Monday 22 July 2019

Lord Mayor of Dublin and former IRA member Christy Burke reveals 'deep regret' over casualties of the Troubles

Lord Mayor Christy Burke at City Hall. Photo: Arthur Carron
Lord Mayor Christy Burke at City Hall. Photo: Arthur Carron
Aoife Kelly

Aoife Kelly

Lord Mayor of Dublin Christy Burke has revealed he has "deep regret" over casualties of the Troubles in Northern Ireland.

Burke was a member of Na Fianna Éireann and then the IRA during the 60s and 70s and, speaking to Ryan Tubridy on 2FM he said, "I joined the IRA purely for a 32 county Republic and for the British to go home."

However, he added that his attitudes have changed over time, "Look, I've matured and I see the world out there for what it is and I see everyone has a right to respect everybody's nationality and we have moved on and there has been British withdrawal. 

"I know everything is not rosy, I know the six counties are still under the arm of Westminister, but there have been massive changes.  There is equality and there's justice to an extent.  There are still issues and still problems."

Burke said he had had two stints in prison, once in 1972 having been found guilty of membership of the IRA and again in 1984 when he protested for the rights of street traders on Mary Street, Dublin.

"Like everybody else, there's no point in sort of saying it was grand, a brush off," he said.  "I found being locked up your liberties were gone, it was difficult on those on the outside, your family, your wife, your husband, kids, and I have comrades today in jail.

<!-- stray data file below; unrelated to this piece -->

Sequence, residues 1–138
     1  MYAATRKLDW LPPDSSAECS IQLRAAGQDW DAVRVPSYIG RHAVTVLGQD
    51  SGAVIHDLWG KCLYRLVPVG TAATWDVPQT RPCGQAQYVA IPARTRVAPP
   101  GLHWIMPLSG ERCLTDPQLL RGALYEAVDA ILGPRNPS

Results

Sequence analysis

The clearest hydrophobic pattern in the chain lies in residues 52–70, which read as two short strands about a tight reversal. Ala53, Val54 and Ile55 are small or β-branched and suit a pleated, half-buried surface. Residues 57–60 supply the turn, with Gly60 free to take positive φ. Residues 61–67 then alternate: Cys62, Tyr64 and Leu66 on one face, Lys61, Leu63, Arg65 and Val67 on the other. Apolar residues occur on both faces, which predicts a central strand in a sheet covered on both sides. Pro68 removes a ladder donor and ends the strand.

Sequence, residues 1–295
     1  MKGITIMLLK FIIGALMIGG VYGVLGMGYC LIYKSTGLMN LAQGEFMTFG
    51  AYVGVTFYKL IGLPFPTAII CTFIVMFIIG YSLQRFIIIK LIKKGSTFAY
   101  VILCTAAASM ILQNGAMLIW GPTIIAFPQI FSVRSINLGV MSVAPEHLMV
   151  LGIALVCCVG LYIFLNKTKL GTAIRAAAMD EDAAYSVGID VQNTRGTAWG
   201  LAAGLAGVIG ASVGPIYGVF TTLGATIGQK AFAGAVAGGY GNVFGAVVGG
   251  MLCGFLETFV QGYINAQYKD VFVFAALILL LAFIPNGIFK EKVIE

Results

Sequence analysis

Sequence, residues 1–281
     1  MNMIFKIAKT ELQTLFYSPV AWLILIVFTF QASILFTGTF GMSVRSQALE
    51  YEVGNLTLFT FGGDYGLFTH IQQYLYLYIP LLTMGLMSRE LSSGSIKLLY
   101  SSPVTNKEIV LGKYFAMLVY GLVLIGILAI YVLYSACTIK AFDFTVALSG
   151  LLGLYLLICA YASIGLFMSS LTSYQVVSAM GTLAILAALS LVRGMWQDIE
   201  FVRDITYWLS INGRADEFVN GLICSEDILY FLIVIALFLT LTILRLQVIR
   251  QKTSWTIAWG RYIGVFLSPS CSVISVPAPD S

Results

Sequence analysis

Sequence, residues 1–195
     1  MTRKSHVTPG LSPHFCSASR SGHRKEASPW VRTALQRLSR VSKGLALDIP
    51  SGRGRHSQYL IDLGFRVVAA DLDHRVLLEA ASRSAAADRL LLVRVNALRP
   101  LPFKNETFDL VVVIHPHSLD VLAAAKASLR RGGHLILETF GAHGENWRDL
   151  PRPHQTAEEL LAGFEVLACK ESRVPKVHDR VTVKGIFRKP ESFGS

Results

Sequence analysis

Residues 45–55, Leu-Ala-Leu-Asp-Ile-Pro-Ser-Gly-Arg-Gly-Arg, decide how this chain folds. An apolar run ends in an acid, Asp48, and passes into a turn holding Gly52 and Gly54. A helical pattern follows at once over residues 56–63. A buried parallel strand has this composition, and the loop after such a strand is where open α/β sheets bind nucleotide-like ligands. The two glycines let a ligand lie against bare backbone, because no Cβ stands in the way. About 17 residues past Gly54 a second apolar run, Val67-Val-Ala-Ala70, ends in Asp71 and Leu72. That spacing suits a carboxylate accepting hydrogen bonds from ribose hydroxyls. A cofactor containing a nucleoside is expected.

"My ex-wife at the time had to travel to Portlaoise on cold winter days and there was one train maybe every seven hours and that must have been difficult. 

"It was okay for me, I was in the surroundings of a prison, the surroundings of comrades, I could go to a cell, I could go to a recrateion, I could read books, I could get lectures by the late Éamonn MacThomáis.  She had to sit in a cold dull train station and wait seven hours.  That was appalling."

Asked if he ever shot a gun during his time in the IRA, Burke said he had shot one at a shooting range but never at a person.

"I was in Derry from 1969 till about 1970 but that would have been around the barricades, doing the practical work of keeping the Brits out, keeping the area safe from attack.  At that time we had hurley sticks in our hands, we didn't have weapons because there was no great amount of weapons."

Burke said he believed at the time that he was doing the right thing.

"I believed at the time it was the right thing to do.  I was defending a minority in the six counties, I believed they had a right to justice and equality and for that treason I believed I was doing the right thing."

However, he says he looks back at the casualties of The Troubles and there is "deep regret".

"Look it's with deep regret that there was casualties  that there was people died, that there was families suffered, that there was imprisonment, that there was hunger strikes.  They were all deep regrets. 

"It was a war, it was a terrible time for everybody.  Of course there would have been regrets in that area to say you wish it never happened."

Christy Burke will take part in Road To The Rising, a free family event staged by RTE in partnership with the GPO and Dublin City Council taking place on Easter Monday, April 6th.

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